What sticks with me is what stings. A person who doesn’t know me at all spontaneously tells me about a totally innocent observation: „Why did you do that?“ Or a dear friend knowing me for a very long time suddenly tells me „You always do this.“ And it stings. I don’t think that it does so because I did something „wrong“, but because I am ashamed that I didn’t realize it by myself. These are blind spots. And when someone shows them to me I recognize what I am doing.

If something stings, I do change. And I am so glad for everyone that plainly comes forward – willingly or by accident – to tell me about such sharp observations. I know a lot of people who don’t like to be stung. But me, I try to hold on to those people having this capacity. It’s the gift of observing, but also the courage to tell about these observations. (And courage is also one of the five core values to Scrum.) When I observe – and I do it a lot – I always check whether the other person is capable of coping with the sting. Also, it is very important to divide observations and interpretation. Even my closest friends are often wrong with the interpretations but never with the observations.

So my conclusion to this subject is: Be a good observer and have the courage to tell others respectfully about what you’ve observed to bring the team as a whole forward. And if you’r stung – work on it: You will never get a better starting point.

Deutsche Zusammenfassung

Das klassische Coaching geht von einem klar definierten Prozess aus, der bei der Auftragsklärung anfängt, über Ziele und Lösungsfindung zu Transfer und Abschluss gelangt. In meinem Alltag coache ich sehr oft und praktisch nie in diesem Setting (ausser natürlich, jemand kommt zu mir, möchte gecoacht werden und bringt die nötige Zeit dafür mit). Meist mache ich also ein “on-site Coaching” und oft ist es sogar ein “Coaching zwischen den Zeilen”. Das heisst: Die gecoachte Person nimmt den Vorgang nicht als coaching wahr und hatte unter Umständen nicht einmal den Wunsch danach, gecoacht zu werden. Typischerweise handelt es sich um Studierende, welche etwas abgeliefert haben und denen ich ein Feedback auf ihre Arbeit gebe. Mein Ziel als Coach ist es, die Studierenden weiterzubringen, ihnen einen Weg zu zeigen, wie sie sich selber verbessern können und wie sie damit unter Umständen auch zufriedener werden können mit ihrer Leistung.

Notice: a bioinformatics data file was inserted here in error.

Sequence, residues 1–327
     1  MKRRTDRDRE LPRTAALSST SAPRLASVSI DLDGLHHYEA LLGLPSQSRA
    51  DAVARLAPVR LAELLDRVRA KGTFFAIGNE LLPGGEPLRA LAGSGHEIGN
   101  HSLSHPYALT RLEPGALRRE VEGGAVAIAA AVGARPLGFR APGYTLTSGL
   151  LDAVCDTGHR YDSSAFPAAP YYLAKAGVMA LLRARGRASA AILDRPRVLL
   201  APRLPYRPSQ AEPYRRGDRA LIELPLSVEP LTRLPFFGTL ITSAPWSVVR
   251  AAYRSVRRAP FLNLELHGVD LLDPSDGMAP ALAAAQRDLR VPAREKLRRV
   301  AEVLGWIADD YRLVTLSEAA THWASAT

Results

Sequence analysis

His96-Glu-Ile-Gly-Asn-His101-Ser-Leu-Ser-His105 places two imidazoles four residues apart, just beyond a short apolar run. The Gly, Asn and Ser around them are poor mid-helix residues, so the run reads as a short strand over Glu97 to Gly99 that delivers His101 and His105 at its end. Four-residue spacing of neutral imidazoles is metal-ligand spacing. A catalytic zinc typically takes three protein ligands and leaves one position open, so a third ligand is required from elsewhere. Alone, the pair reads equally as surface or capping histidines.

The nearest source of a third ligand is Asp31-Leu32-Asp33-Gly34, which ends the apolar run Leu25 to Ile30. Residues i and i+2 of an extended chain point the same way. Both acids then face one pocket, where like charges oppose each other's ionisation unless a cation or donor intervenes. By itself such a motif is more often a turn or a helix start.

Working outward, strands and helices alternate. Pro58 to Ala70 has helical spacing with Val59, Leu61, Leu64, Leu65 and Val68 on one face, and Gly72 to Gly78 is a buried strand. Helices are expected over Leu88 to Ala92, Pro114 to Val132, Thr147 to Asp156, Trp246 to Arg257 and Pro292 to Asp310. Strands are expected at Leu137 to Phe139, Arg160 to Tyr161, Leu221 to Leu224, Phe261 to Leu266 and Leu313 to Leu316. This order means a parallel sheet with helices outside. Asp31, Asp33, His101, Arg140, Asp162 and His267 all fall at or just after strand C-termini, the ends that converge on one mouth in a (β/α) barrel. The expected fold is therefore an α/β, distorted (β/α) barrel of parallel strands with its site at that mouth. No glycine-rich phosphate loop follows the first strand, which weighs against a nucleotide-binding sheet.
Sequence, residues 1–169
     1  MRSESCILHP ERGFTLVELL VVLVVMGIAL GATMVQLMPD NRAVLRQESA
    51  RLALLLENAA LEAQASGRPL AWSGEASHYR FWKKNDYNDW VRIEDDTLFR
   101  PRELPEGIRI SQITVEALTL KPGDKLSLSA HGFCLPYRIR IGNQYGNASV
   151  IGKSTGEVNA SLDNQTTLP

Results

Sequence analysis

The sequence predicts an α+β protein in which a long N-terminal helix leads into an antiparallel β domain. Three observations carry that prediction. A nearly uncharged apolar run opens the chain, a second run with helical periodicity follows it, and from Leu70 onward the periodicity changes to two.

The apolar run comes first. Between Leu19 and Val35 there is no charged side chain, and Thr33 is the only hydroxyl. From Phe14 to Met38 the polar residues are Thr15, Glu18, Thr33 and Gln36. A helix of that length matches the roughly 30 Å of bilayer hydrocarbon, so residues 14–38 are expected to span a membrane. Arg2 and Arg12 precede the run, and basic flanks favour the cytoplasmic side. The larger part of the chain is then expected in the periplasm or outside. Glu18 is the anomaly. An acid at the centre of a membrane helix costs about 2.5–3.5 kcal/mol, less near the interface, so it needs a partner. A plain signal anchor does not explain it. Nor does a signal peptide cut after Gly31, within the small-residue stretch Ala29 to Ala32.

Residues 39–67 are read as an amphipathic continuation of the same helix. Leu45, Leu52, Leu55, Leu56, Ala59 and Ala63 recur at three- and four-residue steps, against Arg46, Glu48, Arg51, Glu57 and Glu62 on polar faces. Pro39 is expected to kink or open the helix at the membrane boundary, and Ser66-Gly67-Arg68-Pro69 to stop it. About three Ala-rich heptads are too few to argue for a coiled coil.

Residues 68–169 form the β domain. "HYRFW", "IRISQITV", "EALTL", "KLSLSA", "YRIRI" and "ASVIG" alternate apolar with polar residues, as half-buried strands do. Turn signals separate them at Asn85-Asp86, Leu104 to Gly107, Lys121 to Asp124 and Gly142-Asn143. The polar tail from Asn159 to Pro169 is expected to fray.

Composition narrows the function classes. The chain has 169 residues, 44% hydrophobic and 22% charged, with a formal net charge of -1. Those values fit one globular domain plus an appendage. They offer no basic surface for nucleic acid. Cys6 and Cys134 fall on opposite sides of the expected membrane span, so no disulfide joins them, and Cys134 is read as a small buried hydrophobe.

Guckt man sich die Rollen von Scrum Mastern und Agile Coaches an, so ist diese Art von Coaching genau das, was für eine agile Arbeitsumgebung nötig ist. Hier besteht weder Zeit noch Absicht, sich stundenlang mit allen Mitarbeitenden einzeln hinzusetzen und mittels systemischer Fragen zu erörtern, wo sich das grosse Potential verbirgt. Stattdessen versucht man mit stetem Mini-Coaching Zufriedenheit, Effizienz und Effektivität zum Wohl der Zusammenarbeit zu steigern. Ich denke, die Ziele der beiden Coaching-Varianten sind dieselben: Hilfe zur Selbsthilfe.

Geht man nun davon aus, dass die meisten Menschen in ihrem Alltag nicht ständig gecoacht werden wollen (was auch für meine Studierenden gilt), dann stellt sich die Frage, wie man sie trotzdem packen kann. Hier setze ich bei meiner eigenen Erfahrung an: Mir fährt es ein, wenn jemand mir einen blinden Fleck aufdeckt. Im ersten Moment erschrecke ich und schäme mich vielleicht auch mal, weil mir selber das entgegangen ist (ja, das haben blinde Flecken so an sich). Und dann beginne ich sofort daran zu arbeiten.

Ziel des Mini-Coachings muss es also sein, dem Gegenüber seine blinden Flecken aufzudecken. Das braucht erstens eine gute Beobachtungsgabe, zweitens braucht es Mut, diese Beobachtungen zu teilen (und Mut ist auch einer der fünf Werte in Scrum). Ich freue mich immer, wenn jemand mir unverblümt meine blinden Flecken vor Augen führt: Was für eine bessere Ausgangslage könnte es geben um sich selber zu erkennen und verbessern?